By Anthony Kioussis
President, Asset Insight
It’s been said that beauty is in the eyes of the beholder, and that can certainly hold true for aircraft. Regrettably, a nice-looking aircraft may be in worse mainte nance condition than an asset in serious need of repainting, hence the need to objectively understand an aircraft’s Asset Quality.
Asset Quality defines an aircraft’s overall technical condition by taking into account everything from its paint to its passenger interior, with focus placed on the asset’s maintenance condition.
The challenge comes in developing and using a grading system able to objectively analyze all aircraft on a standardized scale.
At Asset Insight we use 2 parameters to grade an aircraft’s Asset Quality: Maintenance Rating and Financial Rating. Maintenance Rating objectively evaluates and grades an aircraft’s maintenance status relative to its Optimal Maintenance Condition (the asset’s maintenance condition on the day it came off the production line), utilizing the aircraft’s (standard/typical) Scheduled Maintenance Program.
The Maintenance Rating scale, and what the figures represent, is detailed in Table A. To derive the Maintenance Rating for any aircraft make/model, several variables, particularly the Scheduled Maintenance Program established by the aircraft’s manufacturer and/or other regulatory authority (eg, the Federal Aviation Administration) must be compiled, and a frequency must be established for specifically identified Scheduled Maintenance events.
For items that do not have specific service life (replacement) limitations, a Service Life figure must be established based on that component’s projected average failure rate. Once a specific aircraft’s maintenance history has been compiled, it is compared against its Make/Model Maintenance Program to determine its Maintenance Rating.
The Maintenance Rating scale ranges from –5.000 to 10.000. This scale includes negative numbers as operators may be able to exceed the Service Life figure established for components that don’t have specific service life limitations
One must also remember that OEM maintenance events often have “recommended” service intervals that someone operating an aircraft under Part 91 may not need to follow.
Table B provides an example of how the Maintenance Rating would be derived for a theoretical aircraft that has only 7 maintenance events.
Sum of the Remaining Useful Life for the events is 350%. When divided by the total number of events (7), the Average Remaining Useful Life is 0.500.
Based on the Asset Insight scale, this equates to a Maintenance Rating of 5.000. From a Maintenance Rating perspective, this is an average aircraft. We must now compute the aircraft’s Financial Rating, which is the aircraft’s Scheduled Maintenance event costs based on its Maintenance Rating (Table C).
The aircraft Financial Rating evaluates and grades an aircraft’s financial condition relative to its Optimal Maintenance Condition, meaning the aircraft’s Maintenance Rating is weighted by the estimated cost to complete each maintenance event.
Unlike the Maintenance Rating scale, the Financial Rating scale ranges from 0.000 to 10.000 since a maintenance event should cost the same whether it is completed on time or later than the OEM’s “recommended” service intervals.
Some might argue that it could be more expensive to complete an event when exceeding the OEM’s service interval.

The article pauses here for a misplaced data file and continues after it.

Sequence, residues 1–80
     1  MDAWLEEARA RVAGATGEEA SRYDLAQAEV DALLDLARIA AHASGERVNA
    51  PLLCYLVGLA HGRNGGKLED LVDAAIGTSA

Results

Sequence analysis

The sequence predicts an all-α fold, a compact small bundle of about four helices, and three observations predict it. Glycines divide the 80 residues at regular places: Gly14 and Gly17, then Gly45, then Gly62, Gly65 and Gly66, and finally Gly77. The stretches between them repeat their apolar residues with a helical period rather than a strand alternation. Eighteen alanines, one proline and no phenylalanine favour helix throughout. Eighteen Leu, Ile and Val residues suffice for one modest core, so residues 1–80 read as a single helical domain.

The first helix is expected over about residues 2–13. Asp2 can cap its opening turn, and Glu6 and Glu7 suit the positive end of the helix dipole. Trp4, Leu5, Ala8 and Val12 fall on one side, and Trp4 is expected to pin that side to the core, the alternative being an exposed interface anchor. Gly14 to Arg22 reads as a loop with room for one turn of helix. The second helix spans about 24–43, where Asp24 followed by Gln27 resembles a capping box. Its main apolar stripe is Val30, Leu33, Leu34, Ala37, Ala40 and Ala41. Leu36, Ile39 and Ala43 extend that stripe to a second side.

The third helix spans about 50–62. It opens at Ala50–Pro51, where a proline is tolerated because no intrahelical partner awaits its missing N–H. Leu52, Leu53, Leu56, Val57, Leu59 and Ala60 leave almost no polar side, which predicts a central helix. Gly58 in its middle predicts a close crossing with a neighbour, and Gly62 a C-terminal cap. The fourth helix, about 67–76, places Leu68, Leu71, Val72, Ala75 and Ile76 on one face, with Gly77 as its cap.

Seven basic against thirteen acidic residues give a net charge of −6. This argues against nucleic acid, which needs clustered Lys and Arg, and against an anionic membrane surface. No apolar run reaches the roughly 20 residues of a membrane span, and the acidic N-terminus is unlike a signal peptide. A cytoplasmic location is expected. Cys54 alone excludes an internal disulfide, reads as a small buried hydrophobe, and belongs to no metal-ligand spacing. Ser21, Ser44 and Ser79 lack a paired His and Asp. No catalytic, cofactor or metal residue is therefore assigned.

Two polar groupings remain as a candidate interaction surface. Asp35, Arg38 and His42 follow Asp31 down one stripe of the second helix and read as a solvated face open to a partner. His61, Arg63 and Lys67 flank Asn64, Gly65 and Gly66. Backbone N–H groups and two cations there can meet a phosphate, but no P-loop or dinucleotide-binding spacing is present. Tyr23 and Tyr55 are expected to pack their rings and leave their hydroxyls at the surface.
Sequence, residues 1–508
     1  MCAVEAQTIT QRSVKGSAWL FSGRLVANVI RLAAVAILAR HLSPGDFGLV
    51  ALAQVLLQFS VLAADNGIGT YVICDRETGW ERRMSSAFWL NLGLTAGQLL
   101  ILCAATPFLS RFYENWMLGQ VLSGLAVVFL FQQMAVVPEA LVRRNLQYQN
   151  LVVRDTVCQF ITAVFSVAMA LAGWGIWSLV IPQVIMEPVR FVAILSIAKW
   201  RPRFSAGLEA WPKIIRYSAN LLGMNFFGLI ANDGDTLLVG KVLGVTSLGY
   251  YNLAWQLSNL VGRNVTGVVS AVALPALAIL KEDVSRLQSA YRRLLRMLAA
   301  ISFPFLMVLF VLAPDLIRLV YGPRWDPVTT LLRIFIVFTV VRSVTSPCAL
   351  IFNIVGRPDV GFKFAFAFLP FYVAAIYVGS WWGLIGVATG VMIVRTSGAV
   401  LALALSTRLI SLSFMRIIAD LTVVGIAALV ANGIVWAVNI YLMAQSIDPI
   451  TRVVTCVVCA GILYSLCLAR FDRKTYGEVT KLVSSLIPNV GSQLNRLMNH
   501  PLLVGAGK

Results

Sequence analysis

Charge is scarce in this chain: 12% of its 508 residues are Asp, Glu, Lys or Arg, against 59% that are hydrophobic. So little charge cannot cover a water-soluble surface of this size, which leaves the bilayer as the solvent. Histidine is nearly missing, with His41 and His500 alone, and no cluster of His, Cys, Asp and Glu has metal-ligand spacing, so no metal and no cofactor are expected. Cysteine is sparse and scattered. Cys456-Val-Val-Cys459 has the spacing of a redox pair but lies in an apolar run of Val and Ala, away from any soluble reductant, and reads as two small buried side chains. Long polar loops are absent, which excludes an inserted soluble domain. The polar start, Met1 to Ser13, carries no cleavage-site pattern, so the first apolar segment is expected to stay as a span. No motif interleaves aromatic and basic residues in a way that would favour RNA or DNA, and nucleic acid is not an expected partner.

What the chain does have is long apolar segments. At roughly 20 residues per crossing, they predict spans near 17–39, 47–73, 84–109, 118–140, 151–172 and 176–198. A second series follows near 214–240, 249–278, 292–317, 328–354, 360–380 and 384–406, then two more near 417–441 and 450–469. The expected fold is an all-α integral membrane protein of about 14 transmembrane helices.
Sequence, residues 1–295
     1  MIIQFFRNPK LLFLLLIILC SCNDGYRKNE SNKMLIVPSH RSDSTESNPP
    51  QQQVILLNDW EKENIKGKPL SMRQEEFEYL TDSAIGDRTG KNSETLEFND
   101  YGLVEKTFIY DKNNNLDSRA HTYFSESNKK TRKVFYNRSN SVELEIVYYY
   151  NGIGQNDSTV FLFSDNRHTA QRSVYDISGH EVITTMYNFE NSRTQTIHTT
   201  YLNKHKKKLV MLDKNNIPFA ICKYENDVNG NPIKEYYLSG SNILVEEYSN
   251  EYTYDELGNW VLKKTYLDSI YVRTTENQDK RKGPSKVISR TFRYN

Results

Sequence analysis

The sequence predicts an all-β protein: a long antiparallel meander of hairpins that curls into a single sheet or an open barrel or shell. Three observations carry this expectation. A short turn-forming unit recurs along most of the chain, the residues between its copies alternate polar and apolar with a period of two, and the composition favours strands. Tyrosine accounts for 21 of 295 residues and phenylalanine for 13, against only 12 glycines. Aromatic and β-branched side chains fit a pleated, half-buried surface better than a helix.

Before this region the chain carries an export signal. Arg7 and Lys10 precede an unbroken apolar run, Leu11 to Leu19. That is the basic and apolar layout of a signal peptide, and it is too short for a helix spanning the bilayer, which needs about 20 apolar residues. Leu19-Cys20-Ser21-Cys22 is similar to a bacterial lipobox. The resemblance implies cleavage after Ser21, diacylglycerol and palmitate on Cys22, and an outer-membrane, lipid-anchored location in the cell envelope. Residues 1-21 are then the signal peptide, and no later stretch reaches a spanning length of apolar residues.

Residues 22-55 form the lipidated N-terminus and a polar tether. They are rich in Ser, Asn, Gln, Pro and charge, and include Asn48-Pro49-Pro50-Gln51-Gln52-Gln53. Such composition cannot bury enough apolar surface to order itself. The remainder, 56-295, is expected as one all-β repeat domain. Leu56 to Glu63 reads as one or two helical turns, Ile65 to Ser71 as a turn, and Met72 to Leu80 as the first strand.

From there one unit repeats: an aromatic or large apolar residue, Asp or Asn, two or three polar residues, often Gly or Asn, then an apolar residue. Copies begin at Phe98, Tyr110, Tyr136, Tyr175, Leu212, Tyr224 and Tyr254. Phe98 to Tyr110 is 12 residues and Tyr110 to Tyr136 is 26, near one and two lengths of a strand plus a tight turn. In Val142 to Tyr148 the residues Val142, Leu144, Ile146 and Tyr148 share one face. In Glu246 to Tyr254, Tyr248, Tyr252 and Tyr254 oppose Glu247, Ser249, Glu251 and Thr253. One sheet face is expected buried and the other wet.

The question that is too subjective to answer is how much more expensive? So in order to maintain objectivity, the cost figure must remain the same. To derive the Financial Rating for any aircraft Make/ Model, the average cost to complete each aircraft event under its maintenance program must be determined.
Having compiled the aircraft’s maintenance history, the time (calendar, flight hours or cycles) accumulated toward each individual scheduled maintenance event is used to determine its Financial Rating.
Table D calculates the Financial Rating for the same theoretical aircraft that has only 7 maintenance events.
While the aircraft’s Maintenance Rating equated a 5.000, its Financial Rating is actually higher, as the aircraft has more Remaining Useful Life relative to its higher cost maintenance events.
Having derived the Maintenance Rating (5.000) and Financial Rating (6.287), the aircraft’s Asset Quality Rating is calculated by averaging out these 2 figures.
Listed on Table E is an explanation of how this aircraft’s Asset Quality (5.643) would be interpreted utilizing the Asset Insight scale (whose range is –2.500 to 10.000).
Based on its Quality Rating, this aircraft is rated as “Outstanding.” For aircraft buyers, the Asset Quality Rating provides an objective approach to quantify the difference in aircraft maintenance condition, thereby helping them determine if they wish to pursue this asset as opposed to another aircraft.
If the aircraft is determined to be desirable, computing its Maintenance Equity would provide the final parameter a buyer would need to structure an offer that is financially sensible and objectively justifiable (see Pro Pilot, January 2018, page 12).
For sellers, understanding “where” the Quality Rating places their aircraft relative to competing models provides the ability to judge if an offer is appropriate. Furthermore, rather than refusing an offer for their asset, understanding its Quality Rating can help a seller objectively explain to a buyer why their aircraft is worth more.
Buyer and seller may still not reach a deal, but whoever has the facts at hand is bound to make the more convincing argument and generate the best value from a transaction.
Anthony Kioussis is President of Asset Insight, which offers aircraft valuation and aviation consulting services. His 40+ years of experience in aviation includes GE Capital Corporate Aircraft Finance, Jet Aviation, and JSSI.